How our childhood will affect our spines as Adults

//How our childhood will affect our spines as Adults

How our childhood will affect our spines as Adults

The Human Spine is different from other mammals as it exhibits both primary and secondary curves. The primary curves are Hypnotic and Sacral, the secondary are in the lumbar and cervical.

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True bipeds require both curves, this is why tree swinging, knuckle walking animals have no lumbar curve, just some cervical. We need the lumbar in order to balance the body in an upright position. When a baby is inside the womb it’s in a primary curve, it experiences its first feeling of a secondary curve as it enters the world (cervical), the cervical continues to develop while the baby is learning to balance its head at 3-4 months and the curve will fully form at 9 months. After crawling and creeping around the floor the lumbar curve will develop in order to bring the weight onto the feet.

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At 12-18 months the lumbar spine then straightens out from its primary kyphotic curve. By 3 years of age the lumbar spine starts to become more lordotic or concave anteriorly, although this won’t be outwardly visible till 6-8 years. Its only at the age of ten the lumbar reaches its adult shape.

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The worst thing we do is to force our children to walk too quickly missing out really important crawling movements, which are responsible for our biomechanics in daily movement plus our Yoga. In infant development we start the gait, stretch, use lats, fire gluts, stretch, develop thoraculumbar fascia. We crawl like a mammal and develop side flexion; we use the lats, seratus anterior in order to stand up. Lunging and squatting proceeds gait. Don’t rush a baby to walk, develop the curves using tonic muscles.

As a movement practitioner and therapist it is evident that when I work with clients that they have missed the vital stages of crawling and moving. There are seven basic Primal Pattern™ Movements. These are:

  1. Lunge
  2. Squat
  3. Bend
  4. Pull
  5. Push
  6. Twist
  7. Gait

Isolating these movements will develop strength, we then need to integrate them to develop multiple biomotor abilities. I have attached a funny video, but are we really helping our children by rushing them to walk by putting them in baby boomers etc.

Automation of primal patterns and general motor skills will prevent orthopaedic injury through improved static and dynamic postural engram programming. It will also develop higher motor skills and give the ability to focus on game strategy or the task at hand due to freedom from the physical body.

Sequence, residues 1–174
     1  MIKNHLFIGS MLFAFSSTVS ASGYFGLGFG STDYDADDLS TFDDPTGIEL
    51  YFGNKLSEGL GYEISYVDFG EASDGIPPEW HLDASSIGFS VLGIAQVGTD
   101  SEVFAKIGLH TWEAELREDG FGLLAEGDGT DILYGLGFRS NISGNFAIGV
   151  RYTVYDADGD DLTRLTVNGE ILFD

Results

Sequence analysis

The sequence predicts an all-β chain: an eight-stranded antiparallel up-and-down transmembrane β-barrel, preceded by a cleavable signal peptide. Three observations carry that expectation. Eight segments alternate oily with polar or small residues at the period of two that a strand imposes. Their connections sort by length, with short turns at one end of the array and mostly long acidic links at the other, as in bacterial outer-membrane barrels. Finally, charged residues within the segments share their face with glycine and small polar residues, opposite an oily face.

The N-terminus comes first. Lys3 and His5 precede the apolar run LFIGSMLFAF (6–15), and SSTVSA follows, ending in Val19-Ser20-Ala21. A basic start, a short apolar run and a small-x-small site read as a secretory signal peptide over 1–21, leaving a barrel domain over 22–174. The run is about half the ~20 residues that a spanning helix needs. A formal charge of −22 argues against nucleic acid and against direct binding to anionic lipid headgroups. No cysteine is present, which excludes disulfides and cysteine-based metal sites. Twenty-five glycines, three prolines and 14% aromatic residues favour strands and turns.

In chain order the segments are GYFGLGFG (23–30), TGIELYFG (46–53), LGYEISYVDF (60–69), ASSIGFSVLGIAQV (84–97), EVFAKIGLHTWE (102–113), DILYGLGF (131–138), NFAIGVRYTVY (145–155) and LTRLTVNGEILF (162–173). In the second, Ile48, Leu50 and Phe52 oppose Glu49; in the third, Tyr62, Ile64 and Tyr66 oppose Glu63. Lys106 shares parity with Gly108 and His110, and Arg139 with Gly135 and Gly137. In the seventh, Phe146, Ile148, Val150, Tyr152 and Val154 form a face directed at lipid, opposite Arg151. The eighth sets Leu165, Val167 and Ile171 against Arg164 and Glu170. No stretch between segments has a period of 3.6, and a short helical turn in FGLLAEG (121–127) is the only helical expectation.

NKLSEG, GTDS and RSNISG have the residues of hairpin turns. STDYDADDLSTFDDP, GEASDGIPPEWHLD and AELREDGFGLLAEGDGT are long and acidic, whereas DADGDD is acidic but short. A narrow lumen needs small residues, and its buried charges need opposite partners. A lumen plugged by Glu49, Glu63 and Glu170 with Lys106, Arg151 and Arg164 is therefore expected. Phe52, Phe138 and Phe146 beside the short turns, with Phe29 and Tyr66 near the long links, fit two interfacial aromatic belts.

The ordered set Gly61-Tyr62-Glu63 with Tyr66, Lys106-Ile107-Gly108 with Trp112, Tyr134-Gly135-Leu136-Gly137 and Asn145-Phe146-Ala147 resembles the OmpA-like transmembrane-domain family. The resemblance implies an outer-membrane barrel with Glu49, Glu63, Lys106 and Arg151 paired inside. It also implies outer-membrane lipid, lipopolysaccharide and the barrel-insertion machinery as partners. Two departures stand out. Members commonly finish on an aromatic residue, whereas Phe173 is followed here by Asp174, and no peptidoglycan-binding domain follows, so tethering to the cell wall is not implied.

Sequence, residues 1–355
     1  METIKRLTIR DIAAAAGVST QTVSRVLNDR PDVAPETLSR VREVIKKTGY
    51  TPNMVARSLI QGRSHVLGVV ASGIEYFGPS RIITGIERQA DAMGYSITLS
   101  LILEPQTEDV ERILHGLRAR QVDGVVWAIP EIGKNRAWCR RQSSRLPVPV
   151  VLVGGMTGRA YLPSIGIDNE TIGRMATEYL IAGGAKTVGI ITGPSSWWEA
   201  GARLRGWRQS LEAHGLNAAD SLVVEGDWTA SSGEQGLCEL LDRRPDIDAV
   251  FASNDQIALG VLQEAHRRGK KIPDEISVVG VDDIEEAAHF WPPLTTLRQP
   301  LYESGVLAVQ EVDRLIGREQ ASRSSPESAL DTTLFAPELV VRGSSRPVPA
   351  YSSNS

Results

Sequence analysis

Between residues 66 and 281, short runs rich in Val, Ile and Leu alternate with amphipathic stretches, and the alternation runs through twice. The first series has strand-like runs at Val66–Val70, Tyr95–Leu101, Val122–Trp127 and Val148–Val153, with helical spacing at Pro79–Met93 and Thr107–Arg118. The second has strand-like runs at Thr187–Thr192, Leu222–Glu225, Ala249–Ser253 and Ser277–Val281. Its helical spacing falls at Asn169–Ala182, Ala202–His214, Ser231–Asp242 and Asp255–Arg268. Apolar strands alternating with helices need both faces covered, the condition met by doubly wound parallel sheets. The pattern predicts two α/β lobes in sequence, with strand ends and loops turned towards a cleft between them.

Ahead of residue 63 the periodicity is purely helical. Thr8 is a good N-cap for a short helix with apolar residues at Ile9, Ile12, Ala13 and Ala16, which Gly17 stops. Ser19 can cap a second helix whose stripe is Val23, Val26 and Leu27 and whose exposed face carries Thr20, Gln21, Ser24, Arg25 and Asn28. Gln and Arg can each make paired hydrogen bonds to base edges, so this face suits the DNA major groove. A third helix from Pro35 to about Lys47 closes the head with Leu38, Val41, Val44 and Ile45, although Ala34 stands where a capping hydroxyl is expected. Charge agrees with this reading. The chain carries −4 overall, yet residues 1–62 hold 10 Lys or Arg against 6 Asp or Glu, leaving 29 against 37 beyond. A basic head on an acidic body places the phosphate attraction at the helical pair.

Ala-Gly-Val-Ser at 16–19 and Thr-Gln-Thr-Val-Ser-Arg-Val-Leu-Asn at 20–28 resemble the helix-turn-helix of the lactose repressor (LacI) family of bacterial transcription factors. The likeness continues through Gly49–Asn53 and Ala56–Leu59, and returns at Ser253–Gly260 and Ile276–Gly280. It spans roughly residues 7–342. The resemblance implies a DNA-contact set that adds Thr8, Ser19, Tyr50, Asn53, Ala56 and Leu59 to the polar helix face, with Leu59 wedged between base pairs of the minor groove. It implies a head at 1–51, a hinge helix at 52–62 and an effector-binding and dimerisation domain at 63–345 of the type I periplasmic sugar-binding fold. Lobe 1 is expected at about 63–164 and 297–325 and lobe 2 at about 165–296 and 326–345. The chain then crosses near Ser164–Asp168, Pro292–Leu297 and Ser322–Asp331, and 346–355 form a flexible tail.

By | 2018-05-16T13:11:20+00:00 June 28th, 2015|anatomy|0 Comments

About the Author:

Nisha is a certified Chek practitioner and holistic lifestyle coach.Her journey started when a visiting Laban teacher introduced her to Pilates at Dance College during her first year. It's effects were forgotten but she then re discovered Pilates through Michael King eleven years later whilst running her dance school. Her background spans over 25 years with formal training in classical ballet, modern dance, tap, national choreography, stage production and theatre. Her formation includes Pilates, Thai bodywork, Yoga, GYROTONIC, GYROKINESIS and anatomical studies. Her particular interest is fascia, and the connective lines and movement patterns that allow a full moving structure rather than the isolation of bones and muscles. Her fascination with questioning the traditions of modern medicine and fascination with searching for meaningful answers has taken her in many different directions and has offered her an abundance of opportunities gaining a wealth of knowledge. “I tried many movement modalities and extended my search after experiencing fascia, because of its simplicity in movement. Quickly, I noticed my own body changing as well as the bodies of my own clients. In the last 25 years of teaching I’ve developed a workout unique to Yoga Anatomy". Throughout her studies Nisha has done numerous dissections with Julian Baker and Cery Davies and has the opportunity to take lectures and courses from Robert Schleip, Joanne Avisons, Tom Myers, Matt Wallden, Emma Lane, Gary Carter, Paul Chek, Dan Hellman, Peter Blackaby, James de Silva plus many many more Nishas teaching method promotes reflective self-discovery and provides the requirements to integrate a shift in consciousness for attaining individual goals. She maintains that an attitude of compassion, consistency and joyous humor are excellent components to growth and expanded potential. She welcomes all level of movers from the beginner to the seasoned athlete who have a desire to increase their skill potential, also teachers and students. Her specialties include assisting post rehabilitative individuals, injury prevention for dancers and athletes and advanced movement programs.